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New UK Permanent Representative to the EU appointed

Senior diplomat and former UK ambassador to Russia, Sir Tim Barrow, has been appointed the UK’s new ambassador to the EU, replacing Sir Ivan Rogers, who resigned from his position on Tuesday, European and US media report.

Downing Street describes the former ambassador to Moscow, who will now play a key role in the UK’s Brexit talks, as a “seasoned and tough negotiator”, who has had experience of securing the UK’s objectives in Brussels, The Guardian notes. Sir Tim Barrow will bring his “trademark energy and creativity to this job” while working alongside a number of other senior officials and ministers to “make a success of Brexit.”

Tim Barrow’s appointment by UK Prime Minister Theresa May was done quickly, The Guardian says, to calm tensions surrounding Sir Ivan’s abrupt resignation from the role, and avoiding to appoint a wholehearted Brexiter, was a move aimed at reassuring those in the civil service, who feared the role would be politicised.

According to Il Sole 24 Ore’s Leonardo Maisano, the resignation of Sir Ivan Rogers indeed reflects a political crisis, that is much deeper than the loss of one top diplomat, as it highlights a conflict between politicians and civil servants over Brexit. The appointment of Sir Tim Barrow attenuates the polemic, since he is not a europhobe, but does not resolve the questions raised by the Rogers affair. The resignation of Sir Ivan is highly symbolic and sounds like rebellion, Ruth Berschens further claims in Handelsbatt.

Several media outlets such as Le Figaro, FAZ and the WSJE quote parts of Rogers’ extensive resignation letter. “We do not yet know what the government will set as negotiating objectives for the UK’s relationship with the EU after exit,” he said. Rogers’ long e-mail appears to be a very critical document on the strategy of British Prime Minister May’s government, Le Figaro notes, as he mentions “unfounded arguments” and “confused thinking.”

On Wednesday, the European Commission expressed its regret over his resignation, with European Commission Spokesperson Natasha Bertaud saying at a press conference: “We regret the loss of a professional, well-informed diplomat, though not always an easy interlocutor, who always defended the interests of his government,” several media outlets such as, the Irish Examiner, L’Echo and report.
Theresa May is preparing to deliver a speech later this month, in which she will outline her “vision for Britain outside of the EU,” with a focus on the economy and immigration, the front page of The Daily Telegraph reports. Ms May will say that she is prepared to take Britain out of the single market, if the UK is not given full control of its borders, with both UK Secretary of State for Leaving the European Union, David Davis and UK Foreign Secretary, Boris Johnson having significant input into the speech, according to sources. While she intends to make it clear that the government would like to keep the UK in the single market, Ms May will not be afraid of taking the country out if the EU resists demands for border controls.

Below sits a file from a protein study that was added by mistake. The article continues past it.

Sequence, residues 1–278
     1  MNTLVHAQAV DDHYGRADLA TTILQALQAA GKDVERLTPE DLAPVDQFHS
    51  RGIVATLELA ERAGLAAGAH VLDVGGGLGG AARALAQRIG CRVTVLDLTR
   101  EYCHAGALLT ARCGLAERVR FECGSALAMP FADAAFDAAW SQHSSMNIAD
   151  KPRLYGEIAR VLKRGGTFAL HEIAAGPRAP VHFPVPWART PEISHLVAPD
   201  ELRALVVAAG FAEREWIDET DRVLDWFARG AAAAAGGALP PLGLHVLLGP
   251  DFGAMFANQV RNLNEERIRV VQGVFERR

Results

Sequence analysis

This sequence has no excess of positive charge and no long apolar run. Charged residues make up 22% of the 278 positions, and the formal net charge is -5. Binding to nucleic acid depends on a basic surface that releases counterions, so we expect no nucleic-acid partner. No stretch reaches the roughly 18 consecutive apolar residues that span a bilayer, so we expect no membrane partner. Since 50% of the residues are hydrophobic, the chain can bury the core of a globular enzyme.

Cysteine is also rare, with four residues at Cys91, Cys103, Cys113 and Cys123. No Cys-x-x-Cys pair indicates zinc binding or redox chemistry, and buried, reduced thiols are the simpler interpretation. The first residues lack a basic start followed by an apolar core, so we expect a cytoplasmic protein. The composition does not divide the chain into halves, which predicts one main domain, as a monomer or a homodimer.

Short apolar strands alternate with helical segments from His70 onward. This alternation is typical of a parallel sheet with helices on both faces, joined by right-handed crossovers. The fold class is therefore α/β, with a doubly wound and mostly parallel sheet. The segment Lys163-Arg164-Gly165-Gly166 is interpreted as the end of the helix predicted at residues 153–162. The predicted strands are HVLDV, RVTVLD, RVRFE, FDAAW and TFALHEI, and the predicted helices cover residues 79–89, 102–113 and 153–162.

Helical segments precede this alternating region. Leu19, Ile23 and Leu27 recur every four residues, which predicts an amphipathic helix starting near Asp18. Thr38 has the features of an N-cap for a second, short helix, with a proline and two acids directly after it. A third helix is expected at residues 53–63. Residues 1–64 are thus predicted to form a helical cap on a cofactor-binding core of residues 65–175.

In an interview with National Public Radio, Kimmo Kiljunen, a former member of the European Convention, that drafted a constitution for the EU, described as being one of the architects of the EU, discusses the complicated process of negotiating the agreements and describes how article 50 came into being, following concerns from several countries, that the EU was creating a United States of Europe. The EU needed to show that individual countries were not going to lose sovereignty to the EU, he says.

In an interview with NRC Next, John Kerr, the author of Article 50 of the Lisbon Treaty, further notes, that Article 50 was intended for extreme cases. “I never thought the UK would make use of my article 50,” Mr Kerr says. He agrees that the exit certificate can be established within eighteen months, but the EU and the UK need to decide on future common interests as well, such as defence and security cooperation. “It is very uncertain, economic common sense will win from political interests,” Mr Kerr notes.

As to Maltese Prime Minister Muscat, who said that the Member States appear to be united as regards the strategy, that the EU will follow on the Brexit issue, Maltese, Greek and Romanian media report. “I spoke to and visited basically all other 26 EU Member States and there is a convergence on the attitude toward Brexit. I have never seen such a convergence within the European family”, Mr Muscat commented.

In other institutional stories, European Parliament President Martin Schulz explains in an interview with La Stampa and Süddeutsche Zeitung, that the European project is in danger because most governments have not explained why Member States have transferred more and more powers to Brussels. There is a new generation of Europeans who have been misled by their governments into thinking European integration had been forced upon them. Instead of quitting the euro, people should try to remedy the deficit of a political union. Mr Schulz further denies that a small circle of people, including EC President Juncker, has had excessive influence in the EU, while still pleading for a stronger, institutionalised role for the European Parliament. A few media outlets continue to report on the challenges the EU will face in 2017, including rising populism.




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